An Inconvenient Truth



Last night we watched Davis Guggenheim’s documentary, An Inconvenient Truth. The film focuses on Al Gore’s struggles to enlighten the world about the huge threat of Global Warming. In today’s world and current government, the threat of terrorism and the effect lobbyists say eco-friendly practices put on the economy far outweigh the threat of global pollution. No one seems to care that the effects our pollution and consumption have on the world outweigh any kind of problems terrorism can produce.

The film, and Al Gore, are getting excellent reviews. Gore believes in his cause, and is doing everything in his power to get this message out. It’s funny, because if Gore showed this much passion and charisma, you have to wonder if the US would be in the predicament it is today. Gore’s lack of excitement was one of his major downfalls in 2000.

The film is more or less segments of Gore’s Global Warming slide presentation, spliced with some family history, and some action shots of Gore traveling across the world for his talks. There are two different ways to look at this film. A skeptic could say that the people who would actually care about this film and make the effort to not only see the film but change how they think are the ones that already know the issue and do the little things like recycling, carpooling or other eco-friendly means of transportation.

The other way to look at this film is the more important way. Today’s society requires graphics, facts and figures, and direct implications to take an idea seriously. The effects of global warming are pretty obvious. In the last few years, the strengths of storms and damage we are causing the Earth is growing exponentially. Unfortunately, the majority of people see this as a problem that will never affect society. It’s something that will happen so far down the road, it is more important to ensure the economy and homeland security is under control. Gore’s presentation uses matter of fact imagery and predictions to show how big this problem is, and how fast it can affect the Earth.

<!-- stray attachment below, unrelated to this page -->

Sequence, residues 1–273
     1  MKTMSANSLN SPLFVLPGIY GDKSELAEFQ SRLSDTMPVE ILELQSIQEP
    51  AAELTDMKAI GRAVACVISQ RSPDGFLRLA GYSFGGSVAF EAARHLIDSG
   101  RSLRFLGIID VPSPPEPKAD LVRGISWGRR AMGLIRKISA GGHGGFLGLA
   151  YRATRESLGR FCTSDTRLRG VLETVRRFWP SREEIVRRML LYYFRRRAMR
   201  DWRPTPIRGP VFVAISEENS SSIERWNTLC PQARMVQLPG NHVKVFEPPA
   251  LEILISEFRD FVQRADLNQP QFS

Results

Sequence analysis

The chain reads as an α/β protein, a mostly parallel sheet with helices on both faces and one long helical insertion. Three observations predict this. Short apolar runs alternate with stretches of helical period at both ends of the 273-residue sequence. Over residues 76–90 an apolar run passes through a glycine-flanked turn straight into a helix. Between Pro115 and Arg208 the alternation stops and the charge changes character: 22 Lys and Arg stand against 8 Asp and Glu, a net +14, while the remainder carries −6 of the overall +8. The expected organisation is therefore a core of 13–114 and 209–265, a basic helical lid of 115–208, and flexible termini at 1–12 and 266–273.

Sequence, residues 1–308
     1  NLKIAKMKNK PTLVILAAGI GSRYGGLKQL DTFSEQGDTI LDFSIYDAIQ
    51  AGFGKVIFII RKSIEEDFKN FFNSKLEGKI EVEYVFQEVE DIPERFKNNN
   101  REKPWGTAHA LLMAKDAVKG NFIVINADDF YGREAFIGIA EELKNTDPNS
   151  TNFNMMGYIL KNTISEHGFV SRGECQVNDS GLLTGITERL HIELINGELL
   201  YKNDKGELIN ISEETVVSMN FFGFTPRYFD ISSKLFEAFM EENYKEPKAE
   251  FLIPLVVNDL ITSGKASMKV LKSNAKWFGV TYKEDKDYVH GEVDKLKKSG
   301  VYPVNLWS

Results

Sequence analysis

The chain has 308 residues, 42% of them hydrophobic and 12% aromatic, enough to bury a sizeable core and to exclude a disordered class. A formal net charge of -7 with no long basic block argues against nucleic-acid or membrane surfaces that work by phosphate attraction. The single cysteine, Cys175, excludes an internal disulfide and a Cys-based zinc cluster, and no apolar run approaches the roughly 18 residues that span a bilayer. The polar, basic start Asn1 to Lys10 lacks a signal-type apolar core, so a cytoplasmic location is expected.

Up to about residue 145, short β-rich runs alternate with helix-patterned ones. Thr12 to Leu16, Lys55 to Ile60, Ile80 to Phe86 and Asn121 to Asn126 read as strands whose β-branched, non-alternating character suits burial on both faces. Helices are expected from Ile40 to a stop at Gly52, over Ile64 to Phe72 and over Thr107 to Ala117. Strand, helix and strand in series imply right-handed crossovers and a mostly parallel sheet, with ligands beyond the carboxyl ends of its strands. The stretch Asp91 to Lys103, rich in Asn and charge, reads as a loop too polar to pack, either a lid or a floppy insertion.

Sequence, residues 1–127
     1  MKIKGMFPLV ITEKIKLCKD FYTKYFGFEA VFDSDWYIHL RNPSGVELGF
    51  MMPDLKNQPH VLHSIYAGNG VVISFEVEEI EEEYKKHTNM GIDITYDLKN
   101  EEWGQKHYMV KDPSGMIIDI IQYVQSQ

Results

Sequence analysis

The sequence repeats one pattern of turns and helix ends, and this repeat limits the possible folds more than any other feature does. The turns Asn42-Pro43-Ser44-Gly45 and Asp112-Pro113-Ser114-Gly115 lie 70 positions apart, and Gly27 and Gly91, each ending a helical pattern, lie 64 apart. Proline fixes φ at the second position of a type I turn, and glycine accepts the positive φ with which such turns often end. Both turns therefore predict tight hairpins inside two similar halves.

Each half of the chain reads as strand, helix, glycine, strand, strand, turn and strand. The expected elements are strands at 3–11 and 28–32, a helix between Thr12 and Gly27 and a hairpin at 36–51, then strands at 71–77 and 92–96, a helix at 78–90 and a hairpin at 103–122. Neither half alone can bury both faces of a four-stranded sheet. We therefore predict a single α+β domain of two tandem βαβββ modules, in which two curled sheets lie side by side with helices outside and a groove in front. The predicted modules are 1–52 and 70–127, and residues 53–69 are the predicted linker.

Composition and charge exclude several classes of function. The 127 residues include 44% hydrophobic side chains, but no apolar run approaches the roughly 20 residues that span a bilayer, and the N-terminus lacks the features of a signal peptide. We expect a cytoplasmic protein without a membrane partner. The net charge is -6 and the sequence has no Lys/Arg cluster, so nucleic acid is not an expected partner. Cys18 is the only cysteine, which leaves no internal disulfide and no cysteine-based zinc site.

The strength of the film is the way images and charts are used to support facts. Time lapse photography showing the evaporation of lake’s, oceans and soil erosion is a lot more effective than a slide with obscure scientific facts. For most people, hearing that the ice caps are melting means nothing. This film shows how an ice cap melting actually changes our weather patterns, and some of the results. Knowing CO2 levels are higher than any time in history is an abstract fact for a lot of people, but seeing that the ice caps melting would raise the sea-level by 20ft (covering parts of Manhattan, San Francisco, China, India, and almost all of the low lying countries of Europe with water) is a fact that can’t be ignored.

Watch the trailer. See the film. Make the small changes you need to make to make our world a world we can all live in. More importantly, let's make this a world our children can live in.


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